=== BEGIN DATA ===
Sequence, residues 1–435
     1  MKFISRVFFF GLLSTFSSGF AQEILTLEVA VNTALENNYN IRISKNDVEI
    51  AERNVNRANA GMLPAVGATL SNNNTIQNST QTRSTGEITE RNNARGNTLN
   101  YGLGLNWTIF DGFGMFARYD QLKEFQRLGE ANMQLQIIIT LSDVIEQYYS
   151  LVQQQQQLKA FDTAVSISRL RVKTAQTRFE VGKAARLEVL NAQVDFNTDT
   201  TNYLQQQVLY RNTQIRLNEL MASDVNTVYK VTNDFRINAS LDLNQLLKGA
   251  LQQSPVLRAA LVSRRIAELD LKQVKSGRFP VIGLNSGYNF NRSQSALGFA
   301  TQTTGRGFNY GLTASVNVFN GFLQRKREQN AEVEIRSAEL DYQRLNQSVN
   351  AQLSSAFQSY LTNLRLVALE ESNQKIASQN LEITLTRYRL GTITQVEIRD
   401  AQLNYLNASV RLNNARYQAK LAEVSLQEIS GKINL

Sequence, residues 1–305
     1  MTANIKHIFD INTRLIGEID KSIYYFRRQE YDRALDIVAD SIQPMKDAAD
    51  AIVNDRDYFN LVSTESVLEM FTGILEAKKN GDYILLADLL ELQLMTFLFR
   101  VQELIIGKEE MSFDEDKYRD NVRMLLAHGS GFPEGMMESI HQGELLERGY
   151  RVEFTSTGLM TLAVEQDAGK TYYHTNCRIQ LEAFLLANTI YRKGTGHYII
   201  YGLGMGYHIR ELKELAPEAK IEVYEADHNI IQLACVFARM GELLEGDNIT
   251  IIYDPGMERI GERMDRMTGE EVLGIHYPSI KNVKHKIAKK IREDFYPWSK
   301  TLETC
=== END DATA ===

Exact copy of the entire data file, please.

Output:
Sequence, residues 1–435
     1  MKFISRVFFF GLLSTFSSGF AQEILTLEVA VNTALENNYN IRISKNDVEI
    51  AERNVNRANA GMLPAVGATL SNNNTIQNST QTRSTGEITE RNNARGNTLN
   101  YGLGLNWTIF DGFGMFARYD QLKEFQRLGE ANMQLQIIIT LSDVIEQYYS
   151  LVQQQQQLKA FDTAVSISRL RVKTAQTRFE VGKAARLEVL NAQVDFNTDT
   201  TNYLQQQVLY RNTQIRLNEL MASDVNTVYK VTNDFRINAS LDLNQLLKGA
   251  LQQSPVLRAA LVSRRIAELD LKQVKSGRFP VIGLNSGYNF NRSQSALGFA
   301  TQTTGRGFNY GLTASVNVFN GFLQRKREQN AEVEIRSAEL DYQRLNQSVN
   351  AQLSSAFQSY LTNLRLVALE ESNQKIASQN LEITLTRYRL GTITQVEIRD
   401  AQLNYLNASV RLNNARYQAK LAEVSLQEIS GKINL

Sequence, residues 1–305
     1  MTANIKHIFD INTRLIGEID KSIYYFRRQE YDRALDIVAD SIQPMKDAAD
    51  AIVNDRDYFN LVSTESVLEM FTGILEAKKN GDYILLADLL ELQLMTFLFR
   101  VQELIIGKEE MSFDEDKYRD NVRMLLAHGS GFPEGMMESI HQGELLERGY
   151  RVEFTSTGLM TLAVEQDAGK TYYHTNCRIQ LEAFLLANTI YRKGTGHYII
   201  YGLGMGYHIR ELKELAPEAK IEVYEADHNI IQLACVFARM GELLEGDNIT
   251  IIYDPGMERI GERMDRMTGE EVLGIHYPSI KNVKHKIAKK IREDFYPWSK
   301  TLETC